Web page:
As I tried to put everything together, a muscular construction worker walked out, carrying a bank of kitchen cabinets, which he tossed into the Dumpster like it was nothing. He had on a flannel shirt with the sleeves ripped off and his dirty jeans had holes in the knees. His beard was dirty blonde and scraggly, down to the middle of his beefy chest. He wore a blue construction helmet that covered the upper half of his face.

Was that a bandage around one arm? I wonder what happened? That had to be hard to work wounded, I mused. My burns weren’t yet healed, but I was feeling better. Making love to Gracie had been exquisite, of course, but it still involved some gymnastics to keep pain at bay. I can’t imagine redoing some spoiled housewife’s kitchen while injured.

I raised the binoculars to my eyes as the same construction worker returned to the Dumpster with another bank of cabinets. He stopped and folded his beefy arms, staring at the Volvo. Catching a glimpse of the tattoos across his knuckles, I dropped the binoculars and threw the car into reverse.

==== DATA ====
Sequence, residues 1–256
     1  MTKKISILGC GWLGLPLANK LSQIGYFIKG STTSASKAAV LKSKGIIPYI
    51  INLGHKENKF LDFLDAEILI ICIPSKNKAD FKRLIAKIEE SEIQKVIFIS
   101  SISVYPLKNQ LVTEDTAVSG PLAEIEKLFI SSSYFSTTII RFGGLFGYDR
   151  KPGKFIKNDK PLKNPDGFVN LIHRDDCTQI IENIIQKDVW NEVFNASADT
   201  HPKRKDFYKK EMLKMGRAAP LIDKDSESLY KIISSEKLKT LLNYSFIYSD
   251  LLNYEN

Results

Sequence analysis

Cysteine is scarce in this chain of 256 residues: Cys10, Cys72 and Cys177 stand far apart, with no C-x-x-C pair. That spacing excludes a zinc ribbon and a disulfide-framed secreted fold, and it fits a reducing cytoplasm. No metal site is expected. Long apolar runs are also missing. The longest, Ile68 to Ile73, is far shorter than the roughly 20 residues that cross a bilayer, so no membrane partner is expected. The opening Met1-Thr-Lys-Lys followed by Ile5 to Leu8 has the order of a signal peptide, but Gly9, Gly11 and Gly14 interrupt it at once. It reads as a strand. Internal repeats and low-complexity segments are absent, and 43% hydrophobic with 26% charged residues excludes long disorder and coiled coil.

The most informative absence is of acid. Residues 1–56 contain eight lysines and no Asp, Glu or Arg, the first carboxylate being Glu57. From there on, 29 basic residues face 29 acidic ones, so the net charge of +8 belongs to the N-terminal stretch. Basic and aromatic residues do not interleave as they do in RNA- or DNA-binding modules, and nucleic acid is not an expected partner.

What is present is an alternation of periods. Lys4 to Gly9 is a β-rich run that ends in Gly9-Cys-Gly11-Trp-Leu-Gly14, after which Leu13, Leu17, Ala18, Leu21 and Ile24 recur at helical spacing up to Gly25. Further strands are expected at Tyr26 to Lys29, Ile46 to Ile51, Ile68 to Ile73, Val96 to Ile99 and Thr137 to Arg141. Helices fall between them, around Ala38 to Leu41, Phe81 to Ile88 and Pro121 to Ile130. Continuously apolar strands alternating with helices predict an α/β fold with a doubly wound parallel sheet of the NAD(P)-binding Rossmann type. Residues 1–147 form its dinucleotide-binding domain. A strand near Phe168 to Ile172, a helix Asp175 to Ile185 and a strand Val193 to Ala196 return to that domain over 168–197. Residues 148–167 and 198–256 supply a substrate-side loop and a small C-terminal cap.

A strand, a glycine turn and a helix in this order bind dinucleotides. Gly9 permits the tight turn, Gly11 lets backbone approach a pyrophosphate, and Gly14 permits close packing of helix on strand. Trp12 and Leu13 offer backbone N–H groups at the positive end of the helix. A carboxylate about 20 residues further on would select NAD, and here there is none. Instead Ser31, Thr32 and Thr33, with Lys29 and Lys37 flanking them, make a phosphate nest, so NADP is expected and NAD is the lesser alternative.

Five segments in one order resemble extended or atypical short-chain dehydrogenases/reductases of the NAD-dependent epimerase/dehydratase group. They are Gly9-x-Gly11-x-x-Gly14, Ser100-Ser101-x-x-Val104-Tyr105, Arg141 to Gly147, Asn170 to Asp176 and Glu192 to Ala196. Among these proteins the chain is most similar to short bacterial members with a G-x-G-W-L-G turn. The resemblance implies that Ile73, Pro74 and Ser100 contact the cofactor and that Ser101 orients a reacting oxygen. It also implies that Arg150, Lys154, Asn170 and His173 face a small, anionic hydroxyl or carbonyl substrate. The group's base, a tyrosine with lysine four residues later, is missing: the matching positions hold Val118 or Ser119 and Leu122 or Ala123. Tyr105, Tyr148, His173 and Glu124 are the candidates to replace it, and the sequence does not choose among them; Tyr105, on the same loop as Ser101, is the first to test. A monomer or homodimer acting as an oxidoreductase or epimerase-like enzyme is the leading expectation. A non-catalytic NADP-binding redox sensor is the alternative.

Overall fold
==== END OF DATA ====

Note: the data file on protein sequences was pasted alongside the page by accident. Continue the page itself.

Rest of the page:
Had I just been recognized? It didn’t matter. I would be back soon—and when I did, I would get answers.


Gracie was waiting outside the music department building, her arm draped around her cello case like a lover when I pulled into the parking lot. The cello went into the back seat before she slid into the passenger seat next to me. I handed her the box of Hungarian pastry.

“Sweets for my sweet,” I said.

“Ooh! Thanks! So how was your day?” She kissed me before I could answer. Her lips were warm and soft; I resisted the temptation to slide my hands up her skirt or into her blouse. That could wait until we got home.

“I’m getting close on the Atwater case, I think,” I finally said, putting the car into gear and pulling into traffic. “I might need to go out tonight.”

“Maybe I don’t want to know, then.” She smiled a little wryly and put her hand on my leg.

“Do we still have the security system at the house?” It was one thing I’d insisted on when I moved into Gracie’s house six years ago. Cops live with a particular paranoia; we’ve put away enough people and dealt with enough scumbags to know one day they’ll get out and they just might come looking to hurt us—or someone we love. And just because I wasn’t on the force any more didn’t mean shit: I worried even more now. I never slept without my Glock in reach and, until my Kahr burned in the fire, never went anyplace without more than one weapon just for that reason.

Gracie shot me a sidelong glance, but didn’t answer.

“Don’t tell me you cancelled it,” I said slowly.

“Of course, I didn’t cancel it,” Gracie said. “I’m damned near as paranoid as you are.”